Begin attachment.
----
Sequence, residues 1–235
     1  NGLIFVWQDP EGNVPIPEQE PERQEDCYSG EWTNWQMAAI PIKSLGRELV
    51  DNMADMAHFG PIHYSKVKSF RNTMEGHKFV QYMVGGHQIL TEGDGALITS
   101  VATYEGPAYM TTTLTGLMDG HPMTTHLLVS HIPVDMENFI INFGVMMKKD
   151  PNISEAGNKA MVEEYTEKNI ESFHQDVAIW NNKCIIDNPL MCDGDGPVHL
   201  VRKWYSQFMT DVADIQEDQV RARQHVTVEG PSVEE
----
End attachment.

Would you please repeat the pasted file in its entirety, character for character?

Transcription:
Sequence, residues 1–235
     1  NGLIFVWQDP EGNVPIPEQE PERQEDCYSG EWTNWQMAAI PIKSLGRELV
    51  DNMADMAHFG PIHYSKVKSF RNTMEGHKFV QYMVGGHQIL TEGDGALITS
   101  VATYEGPAYM TTTLTGLMDG HPMTTHLLVS HIPVDMENFI INFGVMMKKD
   151  PNISEAGNKA MVEEYTEKNI ESFHQDVAIW NNKCIIDNPL MCDGDGPVHL
   201  VRKWYSQFMT DVADIQEDQV RARQHVTVEG PSVEE